Getting the Hang of Watering Hanging Baskets


Hanging baskets come with insanely small saucers: you simply can’t water your plants adequately using them! Source:

If there is one group of houseplants that is truly mistreated, it’s plants in hanging baskets. They almost always look like they’re about to croak … and indeed they are usually just barely hanging on to life. The problem is quite simple: they spend their lives drought stressed. While other plants get a thorough watering each time, enough to soak the entire root ball and keep them happy, hanging plants just get a perfunctory dribble and that leaves them in a sorry state.

And why is that? Well, while it’s true that plants hanging from the ceiling, being more exposed to air currents, tend to dry out more quickly than plants in pots set on a windowsill or table, that’s not the real problem. You can instead put all the blame on pot design.

Pot designers obviously have never tried growing plants in the hanging pots they produce. They’re inevitably sold with a tiny incorporated saucer that may look just great, but doesn’t do the job. They’re smaller in diameter than the pot and shallower than any legitimate plant saucer ought to be, yet their role is to catch excess water so it doesn’t end up dripping on the floor.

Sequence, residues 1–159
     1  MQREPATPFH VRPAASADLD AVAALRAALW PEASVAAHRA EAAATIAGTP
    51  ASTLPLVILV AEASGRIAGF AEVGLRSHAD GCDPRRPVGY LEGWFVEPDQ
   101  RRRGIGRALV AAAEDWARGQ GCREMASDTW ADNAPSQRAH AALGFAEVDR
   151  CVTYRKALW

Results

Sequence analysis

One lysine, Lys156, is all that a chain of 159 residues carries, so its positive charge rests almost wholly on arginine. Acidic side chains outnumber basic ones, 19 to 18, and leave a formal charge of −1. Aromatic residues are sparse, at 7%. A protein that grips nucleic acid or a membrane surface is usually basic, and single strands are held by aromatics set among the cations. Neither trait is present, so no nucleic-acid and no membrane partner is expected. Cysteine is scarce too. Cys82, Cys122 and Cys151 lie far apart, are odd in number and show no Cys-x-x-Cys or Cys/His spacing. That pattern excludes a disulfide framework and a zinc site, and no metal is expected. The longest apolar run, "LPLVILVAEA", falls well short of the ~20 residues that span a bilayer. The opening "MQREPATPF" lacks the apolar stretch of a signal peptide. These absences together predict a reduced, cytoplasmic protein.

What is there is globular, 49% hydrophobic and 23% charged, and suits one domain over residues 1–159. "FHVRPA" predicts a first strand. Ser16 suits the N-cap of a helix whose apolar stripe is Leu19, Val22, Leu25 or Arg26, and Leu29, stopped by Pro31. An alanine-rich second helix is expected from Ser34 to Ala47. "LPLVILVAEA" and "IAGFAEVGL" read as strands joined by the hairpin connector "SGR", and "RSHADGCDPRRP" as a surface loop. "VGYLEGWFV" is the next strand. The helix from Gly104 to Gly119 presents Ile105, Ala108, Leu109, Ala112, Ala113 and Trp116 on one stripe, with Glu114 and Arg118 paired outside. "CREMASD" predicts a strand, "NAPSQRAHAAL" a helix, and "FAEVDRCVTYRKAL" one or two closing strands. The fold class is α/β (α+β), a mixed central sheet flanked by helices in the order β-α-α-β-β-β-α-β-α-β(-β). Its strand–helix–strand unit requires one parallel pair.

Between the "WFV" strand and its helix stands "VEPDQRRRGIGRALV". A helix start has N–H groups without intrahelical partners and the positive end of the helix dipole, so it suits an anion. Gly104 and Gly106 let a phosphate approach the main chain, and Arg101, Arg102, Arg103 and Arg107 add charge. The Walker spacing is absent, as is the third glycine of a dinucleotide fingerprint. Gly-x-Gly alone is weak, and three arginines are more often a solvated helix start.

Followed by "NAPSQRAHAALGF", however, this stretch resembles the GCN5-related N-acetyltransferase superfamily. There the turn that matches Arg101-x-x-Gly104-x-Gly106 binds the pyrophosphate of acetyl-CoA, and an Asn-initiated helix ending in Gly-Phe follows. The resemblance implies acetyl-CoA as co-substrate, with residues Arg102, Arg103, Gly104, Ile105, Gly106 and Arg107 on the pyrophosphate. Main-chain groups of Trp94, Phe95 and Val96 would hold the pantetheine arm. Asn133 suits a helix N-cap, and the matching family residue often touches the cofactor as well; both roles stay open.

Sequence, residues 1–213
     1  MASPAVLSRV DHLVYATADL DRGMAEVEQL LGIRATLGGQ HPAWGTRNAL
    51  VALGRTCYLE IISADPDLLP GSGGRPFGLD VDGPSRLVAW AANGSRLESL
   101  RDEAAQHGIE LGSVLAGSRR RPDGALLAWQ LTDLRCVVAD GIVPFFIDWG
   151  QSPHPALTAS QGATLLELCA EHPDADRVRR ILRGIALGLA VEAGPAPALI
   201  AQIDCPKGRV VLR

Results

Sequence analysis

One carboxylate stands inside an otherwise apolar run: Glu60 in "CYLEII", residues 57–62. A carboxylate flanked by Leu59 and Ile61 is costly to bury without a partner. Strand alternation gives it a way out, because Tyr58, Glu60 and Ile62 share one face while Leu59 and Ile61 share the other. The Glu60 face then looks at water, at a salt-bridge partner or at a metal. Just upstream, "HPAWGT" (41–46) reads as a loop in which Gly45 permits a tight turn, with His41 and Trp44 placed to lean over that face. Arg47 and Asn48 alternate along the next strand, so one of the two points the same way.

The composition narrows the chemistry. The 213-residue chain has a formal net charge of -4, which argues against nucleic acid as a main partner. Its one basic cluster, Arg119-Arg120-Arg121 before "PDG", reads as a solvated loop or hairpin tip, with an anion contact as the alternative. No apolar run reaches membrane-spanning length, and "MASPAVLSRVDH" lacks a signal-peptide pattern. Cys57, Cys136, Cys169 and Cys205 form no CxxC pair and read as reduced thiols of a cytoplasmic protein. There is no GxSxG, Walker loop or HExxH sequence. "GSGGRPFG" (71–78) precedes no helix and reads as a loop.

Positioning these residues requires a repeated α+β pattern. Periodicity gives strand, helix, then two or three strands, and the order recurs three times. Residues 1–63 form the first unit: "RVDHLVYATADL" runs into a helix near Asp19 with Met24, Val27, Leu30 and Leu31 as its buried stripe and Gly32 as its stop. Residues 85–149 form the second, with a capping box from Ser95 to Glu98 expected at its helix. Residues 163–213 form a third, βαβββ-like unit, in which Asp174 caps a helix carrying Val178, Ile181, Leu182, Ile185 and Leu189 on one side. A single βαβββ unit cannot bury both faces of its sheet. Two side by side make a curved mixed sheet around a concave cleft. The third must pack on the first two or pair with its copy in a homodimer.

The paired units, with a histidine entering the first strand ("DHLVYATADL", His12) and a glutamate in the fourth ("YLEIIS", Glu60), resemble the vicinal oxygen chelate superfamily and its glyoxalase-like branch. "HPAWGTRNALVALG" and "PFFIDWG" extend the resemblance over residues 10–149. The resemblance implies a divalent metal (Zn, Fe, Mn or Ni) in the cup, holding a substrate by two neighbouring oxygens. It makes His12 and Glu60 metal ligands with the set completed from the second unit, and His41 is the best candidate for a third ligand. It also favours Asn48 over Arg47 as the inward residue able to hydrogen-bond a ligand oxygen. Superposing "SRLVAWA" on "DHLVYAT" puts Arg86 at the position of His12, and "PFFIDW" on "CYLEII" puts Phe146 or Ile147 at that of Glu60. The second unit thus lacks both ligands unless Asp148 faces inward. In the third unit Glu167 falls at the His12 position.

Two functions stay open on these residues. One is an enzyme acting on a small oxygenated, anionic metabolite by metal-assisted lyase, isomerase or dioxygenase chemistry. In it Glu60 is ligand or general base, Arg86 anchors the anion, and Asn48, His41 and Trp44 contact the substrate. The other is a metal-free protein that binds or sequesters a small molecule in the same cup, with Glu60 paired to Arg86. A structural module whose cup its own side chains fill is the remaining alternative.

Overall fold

Two very drought-stressed spider plants: a typical situation with hanging baskets. Source:

But since they’re small and shallow, holding almost no water, that leaves you, the gardener, in a quandary. If you add enough water to satisfy the plant, knowing that water often travels through the soil without really moistening it at first, there’ll be a mess to contend with, as much of it will simply pour out onto the floor. So, we tend to just add a quick splash of water and move on to the next plant, hoping for the best. And thus the poor hanging plant is in a constant state of drought!

Plunge and Soak

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To keep your hanging basket plants happy, soak them! Source:

The only logical way to water these ridiculously designed pots is to carry them to the sink (or a bathtub) and soak them. Yes, let them sit in water up to their mid-height for 10, 20, 30 minutes or so and soak up the water they really need. Then you can lift the pot up, turn it to a 45-degree angle and let any excess water drain away. Only then can you hang the plant in its usual spot, knowing it got the water it needed, yet won’t drip onto the floor.